Building relationships of trust with community, business, and industry leaders to supply highly skilled workers in areas of need.
For more, call 423-543-0070. or visit

Doe Elementary Leaders of the Week

Doe Elementary School celebrated the weekly
recognition of its leaders. The students earned the
spotlight this week included Jayden Proffitt, Jaylee Miller, Ryleigh Perry, Fermin Quintanilla, Jonah Adams, Robbie Osborne, Kale Cox, Audrey Decker and Allie Russom. (Not pictured: Danielle Dugger) The students are encouraged to work hard set the example and enjoy the photo op. Photo submitted

RCE Students of the Month for January

Roan Creek Elementary School joined the monthly roster of students that stand out. For the month of January the school administration chose Braiden Folsom, Tristan Correll, Kaleb Hicks, Prailey Roop, Eli Beam, Eli Costigan, Zoe Epperly, Gunner Hutchins, Kemora Lipford and Marley Snyder as its students of the month. Photo submitted

Marley Matheson is student of the week at Laurel Elementary

Marley Matheson shows great leadership and a strong desire to learn and is always on top of her work. She sets a good example of what a student’s work ethic should be in Mr. Taylor’s third grade class at Laurel Elementary School. In Marley’s spare time she enjoys playing with her pet bunnies. She also likes playing with her twin sister. Her favorite subjects in school are social studies, math, and ELA. Marley would like to become an astronaut when she grows up and also become a veterinarian. Marley is the daughter of Ashley Neatherly and Cody Matheson. She has a twin sister Rayley and older brother Aden. Congratulations to Marley.

Flu closes Johnson County schools

By Tamas Mondovics


Update: JCS have decided to close for the rest of the week.

It was only a matter of time before Johnson County would catch up with the rest of the region affected by the recent flu outbreak.
Johnson County School director Mischelle Simcox stated on Monday, “Due to an increased number of cases of flu, strep, and other viruses among our students and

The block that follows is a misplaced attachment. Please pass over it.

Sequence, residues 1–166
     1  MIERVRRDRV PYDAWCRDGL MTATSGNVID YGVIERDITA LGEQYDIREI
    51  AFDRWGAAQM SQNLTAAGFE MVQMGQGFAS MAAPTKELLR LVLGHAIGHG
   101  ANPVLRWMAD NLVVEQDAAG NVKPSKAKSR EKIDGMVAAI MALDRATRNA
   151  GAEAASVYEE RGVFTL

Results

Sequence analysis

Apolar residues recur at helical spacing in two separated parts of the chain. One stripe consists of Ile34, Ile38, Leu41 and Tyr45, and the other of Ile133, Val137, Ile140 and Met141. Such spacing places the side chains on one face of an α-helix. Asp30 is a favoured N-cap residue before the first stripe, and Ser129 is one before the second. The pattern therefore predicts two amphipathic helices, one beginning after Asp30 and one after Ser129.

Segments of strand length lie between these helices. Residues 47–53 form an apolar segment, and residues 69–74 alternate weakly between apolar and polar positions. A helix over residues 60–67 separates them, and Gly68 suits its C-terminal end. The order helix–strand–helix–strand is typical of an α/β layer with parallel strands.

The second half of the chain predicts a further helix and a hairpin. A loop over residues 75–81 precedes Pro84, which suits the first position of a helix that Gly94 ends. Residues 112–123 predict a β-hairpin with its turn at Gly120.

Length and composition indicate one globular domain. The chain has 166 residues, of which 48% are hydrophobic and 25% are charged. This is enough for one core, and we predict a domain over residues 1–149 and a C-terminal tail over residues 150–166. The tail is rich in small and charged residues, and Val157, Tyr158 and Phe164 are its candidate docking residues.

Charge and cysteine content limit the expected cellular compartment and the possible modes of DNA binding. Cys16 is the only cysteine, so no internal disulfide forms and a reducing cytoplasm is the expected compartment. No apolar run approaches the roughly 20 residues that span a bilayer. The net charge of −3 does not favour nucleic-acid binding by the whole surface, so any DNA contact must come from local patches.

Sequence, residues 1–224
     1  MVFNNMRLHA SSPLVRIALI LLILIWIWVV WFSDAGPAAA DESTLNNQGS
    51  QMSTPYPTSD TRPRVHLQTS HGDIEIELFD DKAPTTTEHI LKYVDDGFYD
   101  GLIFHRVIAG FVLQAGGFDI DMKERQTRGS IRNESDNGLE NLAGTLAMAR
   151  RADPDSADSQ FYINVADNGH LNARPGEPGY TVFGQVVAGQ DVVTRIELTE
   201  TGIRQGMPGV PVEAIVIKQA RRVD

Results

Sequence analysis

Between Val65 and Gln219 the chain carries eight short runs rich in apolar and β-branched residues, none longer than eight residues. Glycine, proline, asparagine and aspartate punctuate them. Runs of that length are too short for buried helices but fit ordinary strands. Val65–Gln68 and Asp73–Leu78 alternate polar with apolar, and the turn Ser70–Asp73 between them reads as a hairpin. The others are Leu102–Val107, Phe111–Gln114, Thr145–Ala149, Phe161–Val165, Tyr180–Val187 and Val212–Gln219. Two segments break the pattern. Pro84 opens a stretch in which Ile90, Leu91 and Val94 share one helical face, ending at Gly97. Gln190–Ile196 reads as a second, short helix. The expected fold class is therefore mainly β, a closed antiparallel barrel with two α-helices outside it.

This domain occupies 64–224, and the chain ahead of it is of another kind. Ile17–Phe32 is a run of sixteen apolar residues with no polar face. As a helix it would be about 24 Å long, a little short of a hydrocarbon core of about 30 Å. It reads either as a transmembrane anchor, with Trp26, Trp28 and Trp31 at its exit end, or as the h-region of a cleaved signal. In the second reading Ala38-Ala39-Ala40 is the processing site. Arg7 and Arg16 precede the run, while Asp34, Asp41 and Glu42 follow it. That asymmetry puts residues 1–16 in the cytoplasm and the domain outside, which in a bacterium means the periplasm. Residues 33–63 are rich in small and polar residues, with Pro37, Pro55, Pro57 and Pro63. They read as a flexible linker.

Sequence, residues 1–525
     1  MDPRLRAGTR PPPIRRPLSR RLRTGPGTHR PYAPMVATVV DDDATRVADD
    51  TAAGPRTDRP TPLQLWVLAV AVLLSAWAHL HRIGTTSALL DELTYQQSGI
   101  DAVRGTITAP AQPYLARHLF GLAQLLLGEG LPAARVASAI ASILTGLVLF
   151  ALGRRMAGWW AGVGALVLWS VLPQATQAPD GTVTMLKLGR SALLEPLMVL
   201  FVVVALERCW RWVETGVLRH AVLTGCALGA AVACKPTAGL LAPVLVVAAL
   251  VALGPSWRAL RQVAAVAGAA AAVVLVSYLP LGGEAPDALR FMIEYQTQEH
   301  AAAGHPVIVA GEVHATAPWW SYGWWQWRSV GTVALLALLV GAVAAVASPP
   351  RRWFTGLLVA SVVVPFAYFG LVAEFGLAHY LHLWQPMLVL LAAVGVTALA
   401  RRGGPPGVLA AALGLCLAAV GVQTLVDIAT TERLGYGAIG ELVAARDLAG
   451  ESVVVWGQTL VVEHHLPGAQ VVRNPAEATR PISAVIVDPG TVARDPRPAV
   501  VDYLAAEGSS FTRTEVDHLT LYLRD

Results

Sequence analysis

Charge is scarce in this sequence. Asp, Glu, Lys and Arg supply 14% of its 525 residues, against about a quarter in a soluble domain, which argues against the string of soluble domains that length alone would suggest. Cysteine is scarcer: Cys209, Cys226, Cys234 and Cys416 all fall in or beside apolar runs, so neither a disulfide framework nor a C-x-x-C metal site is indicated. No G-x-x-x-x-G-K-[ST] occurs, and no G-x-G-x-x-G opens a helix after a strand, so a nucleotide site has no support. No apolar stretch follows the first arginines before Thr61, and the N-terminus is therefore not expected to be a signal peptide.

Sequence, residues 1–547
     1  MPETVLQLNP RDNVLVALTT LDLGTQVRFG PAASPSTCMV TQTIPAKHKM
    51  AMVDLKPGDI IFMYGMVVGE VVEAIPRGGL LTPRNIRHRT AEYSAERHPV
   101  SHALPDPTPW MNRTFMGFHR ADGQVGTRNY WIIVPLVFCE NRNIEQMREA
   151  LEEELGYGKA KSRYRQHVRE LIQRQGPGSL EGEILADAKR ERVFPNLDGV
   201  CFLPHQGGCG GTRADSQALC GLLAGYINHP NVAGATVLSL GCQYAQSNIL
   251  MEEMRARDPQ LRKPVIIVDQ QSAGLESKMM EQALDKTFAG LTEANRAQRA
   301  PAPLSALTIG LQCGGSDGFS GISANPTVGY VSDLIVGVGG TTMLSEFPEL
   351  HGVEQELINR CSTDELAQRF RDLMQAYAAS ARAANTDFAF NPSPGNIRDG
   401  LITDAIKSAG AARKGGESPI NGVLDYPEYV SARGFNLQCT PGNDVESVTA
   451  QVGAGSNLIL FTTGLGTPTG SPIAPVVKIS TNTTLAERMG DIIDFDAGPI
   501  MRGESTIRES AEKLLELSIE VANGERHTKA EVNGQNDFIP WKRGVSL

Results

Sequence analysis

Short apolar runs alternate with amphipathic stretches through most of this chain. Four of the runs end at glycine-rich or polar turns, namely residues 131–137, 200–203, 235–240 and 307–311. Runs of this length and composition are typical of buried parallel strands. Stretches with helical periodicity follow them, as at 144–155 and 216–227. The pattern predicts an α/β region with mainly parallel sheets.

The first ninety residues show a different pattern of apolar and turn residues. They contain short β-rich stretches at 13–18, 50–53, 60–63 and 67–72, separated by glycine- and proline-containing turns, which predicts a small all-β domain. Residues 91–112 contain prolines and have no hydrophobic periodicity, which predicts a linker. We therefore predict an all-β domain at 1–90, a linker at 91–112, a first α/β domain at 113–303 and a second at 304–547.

employees Johnson County Schools will be closed on Tuesday, February 19 and Wednesday, February 20, in an effort to stop the spreading. Our custodial employees have been working diligently to disinfect the schools and will continue to do so while we are closed. This will give them a needed opportunity to get ahead of the spreading illnesses. We hope everyone remains safe and healthy, and that those who are ill feel better soon!”

Johnson County Schools to register Pre K, Head Start, Kindergarten students for the 2019 – 2020 school year

Johnson County Schools will register Pre K, Head Start and Kindergarten students for the 2019 – 2020 school year according to the following schedule:
Laurel Laurel Elementary March 11, 9:00 – 10:00 a.m.
Butler, Doe Doe Elementary March, 11 1:00 – 2:30 p.m.
Shady Shady Elementary March, 12 2:00 – 3:00 p.m.
Mountain City Mountain City Elementary March, 13 8:30 – 10:30 a.m. (Students whose last names begin with A-L) 1:00 – 2:30 p.m. (Students whose last names begin with M-Z)
Neva, Shouns, Trade Roan Creek Elementary March 14, 8:30 – 10:30 a.m. (Students whose last names begin with A-L) 1:00 – 2:30 p.m. (Students whose last names begin with M-Z)
The Kindergarten registration process is as simple as going to your school of zone and giving your information. But don’t forget to bring the necessary forms and paperwork.

The state laws governing kindergarten eligibility have changed, so please read the following carefully:
• To be eligible for kindergarten in 2019 – 2020, your child must be five years of age on or before August 15, 2019.